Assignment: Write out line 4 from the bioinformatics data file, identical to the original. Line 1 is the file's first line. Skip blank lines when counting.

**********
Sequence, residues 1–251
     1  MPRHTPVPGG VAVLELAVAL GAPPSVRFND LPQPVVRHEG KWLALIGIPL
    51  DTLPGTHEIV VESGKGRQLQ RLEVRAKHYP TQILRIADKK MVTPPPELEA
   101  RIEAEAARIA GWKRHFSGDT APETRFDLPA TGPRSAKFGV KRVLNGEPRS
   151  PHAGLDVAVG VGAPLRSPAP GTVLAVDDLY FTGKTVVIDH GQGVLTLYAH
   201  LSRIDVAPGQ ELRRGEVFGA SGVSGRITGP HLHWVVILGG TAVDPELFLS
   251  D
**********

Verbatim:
   101  RIEAEAARIA GWKRHFSGDT APETRFDLPA TGPRSAKFGV KRVLNGEPRS